Food & Cooking Book Reviews (page 52)

Released: March 15, 2000

"Entertaining, thoughtful, and educational."
From a familiar, reputable—if sometimes offbeat—source, a worthwhile discussion of how to formulate a healthy approach to eating. Read full book review >
Released: Feb. 1, 2000

"Tisdale caters to our insatiable, 'secret' appetite for the bonding and sacrament of food, a lonely and famished nostalgia that exposes our millennial cupboards as bare."
An appetizing critique of modern food culture, spiced with gourmet phrasing, that questions America's continuing affair with Happy Meal cuisine. Read full book review >

Released: Jan. 11, 2000

"No surprises; the usual conservative diet fare, spiced by the Duchess's starry presence."
That old reliable—the standard, well-based Weight Watchers' weight-control plan—is enlivened by vignettes from the organization's spokeswoman, the Duchess of York (Dining With the Duchess, not reviewed). Read full book review >
Released: Jan. 1, 2000

"A basic stew (recipe provided) of family connections—garnished with love, longing, pain, loss, happiness, and satisfaction—that many women will respond to. (Author tour)"
In kitchens crowded with warm and sometimes painful memories, a pantheon of ghosts resurfaces to pass along consolation, confidences, words of wisdom, and recipes. Read full book review >
Released: Dec. 1, 1999

"A useful reminder of a truth the great religious leaders all knew: You are what you eat."
Former Buddhist monk Altman investigates the spiritual aspects of eating. Read full book review >

THE RUSSIAN TEA ROOM by Faith Stewart-Gordon
Released: Nov. 1, 1999

"With more writing grace and a better sense of timing, the whole volume could have been as good. (16 pages b&w photos)"
On the eve of the Russian Tea Room's reopening, a mildly diverting story of its past. Read full book review >
MY KITCHEN WARS by Betty Fussell
Released: Oct. 20, 1999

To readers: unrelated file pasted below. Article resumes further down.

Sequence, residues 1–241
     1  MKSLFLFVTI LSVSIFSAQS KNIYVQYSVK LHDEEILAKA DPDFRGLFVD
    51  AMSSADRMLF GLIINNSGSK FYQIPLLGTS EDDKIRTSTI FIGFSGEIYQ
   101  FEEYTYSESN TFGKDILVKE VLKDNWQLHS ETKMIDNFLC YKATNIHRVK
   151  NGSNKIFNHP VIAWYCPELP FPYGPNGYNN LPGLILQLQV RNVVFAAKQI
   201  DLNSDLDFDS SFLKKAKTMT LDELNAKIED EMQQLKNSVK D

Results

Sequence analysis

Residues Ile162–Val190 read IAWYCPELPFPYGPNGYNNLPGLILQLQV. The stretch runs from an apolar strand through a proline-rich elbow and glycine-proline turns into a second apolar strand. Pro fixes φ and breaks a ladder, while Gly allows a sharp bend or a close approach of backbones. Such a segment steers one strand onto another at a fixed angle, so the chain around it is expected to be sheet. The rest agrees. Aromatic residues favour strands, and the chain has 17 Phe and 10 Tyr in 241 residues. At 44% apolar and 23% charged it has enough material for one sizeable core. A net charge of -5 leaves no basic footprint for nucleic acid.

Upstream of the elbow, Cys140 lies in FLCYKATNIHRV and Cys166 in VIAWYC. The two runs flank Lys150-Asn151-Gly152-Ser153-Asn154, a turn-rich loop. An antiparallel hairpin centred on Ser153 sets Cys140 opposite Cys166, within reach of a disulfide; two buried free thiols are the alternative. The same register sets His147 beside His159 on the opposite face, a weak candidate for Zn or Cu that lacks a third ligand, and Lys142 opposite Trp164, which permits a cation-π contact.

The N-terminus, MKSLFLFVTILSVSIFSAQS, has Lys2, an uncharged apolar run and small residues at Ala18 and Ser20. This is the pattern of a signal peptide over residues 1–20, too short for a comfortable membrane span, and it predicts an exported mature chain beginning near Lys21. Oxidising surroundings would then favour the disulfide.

"Carefully and skillfully written, but curiously unfulfilling, like a rich cassoulet without seasoning. (Author tour)"
A memoir by a woman who measures out her life in kitchen utensils, from her father's orange-juice squeezer to an olive wood spoon used to stir "the stockpot of memories" simmered here. Read full book review >
Released: Oct. 20, 1999

"Miss Manners's readers may find assistance here in establishing those parameters."
Miss Manners, who has never hesitated to man the barricades in defense of courtesy and consideration among friends, acquaintances, and business associates, steps out in her Wellingtons in setting guidelines for civilized behavior at home. Read full book review >
Released: Oct. 1, 1999

"A must for both Java junkies and travel lovers. (Author tour)"
Chef-turned-journalist Allen's debut book is a thoroughly entertaining, absorbing, and often hilarious jaunt through the history and geography of coffee. Read full book review >
Released: June 1, 1999

"Should be read by anyone curious about what goes into their daily cup of Java—too often, good coffee isn't good for the people who produce it. (60 b&w photos) (Author tour)"
An exhaustive, admirably ambitious examination of coffee's global impact, from its roots in 15th-century Ethiopia to its critical role in shaping the nations of Central and Latin America. Read full book review >
Released: April 6, 1999

"Even dieters will be unable to resist this gourmet repast on American culture."
A witty and sumptuous pantry-level look at the struggle to create an American cuisine. Read full book review >
Released: March 10, 1999

"This is quite beautiful music, the sound of a family's life that keeps ringing in a daughter's ears."
A lovely and melancholy history of her family and its farm, a holdout in the soil-poor Northeast, from Brox (Here and Nowhere Else: Late Seasons of a Farm and Its Family, 1995). Read full book review >
Kirkus Interview
H.W. Brands
October 11, 2016

As noted historian H.W. Brands reveals in his new book The General vs. the President: MacArthur and Truman at the Brink of Nuclear War, at the height of the Korean War, President Harry S. Truman committed a gaffe that sent shock waves around the world. When asked by a reporter about the possible use of atomic weapons in response to China's entry into the war, Truman replied testily, "The military commander in the field will have charge of the use of the weapons, as he always has." This suggested that General Douglas MacArthur, the willful, fearless, and highly decorated commander of the American and U.N. forces, had his finger on the nuclear trigger. A correction quickly followed, but the damage was done; two visions for America's path forward were clearly in opposition, and one man would have to make way. Truman was one of the most unpopular presidents in American history. General MacArthur, by contrast, was incredibly popular, as untouchable as any officer has ever been in America. The contest of wills between these two titanic characters unfolds against the turbulent backdrop of a faraway war and terrors conjured at home by Joseph McCarthy. “An exciting, well-written comparison study of two American leaders at loggerheads during the Korean War crisis,” our reviewer writes in a starred review. View video >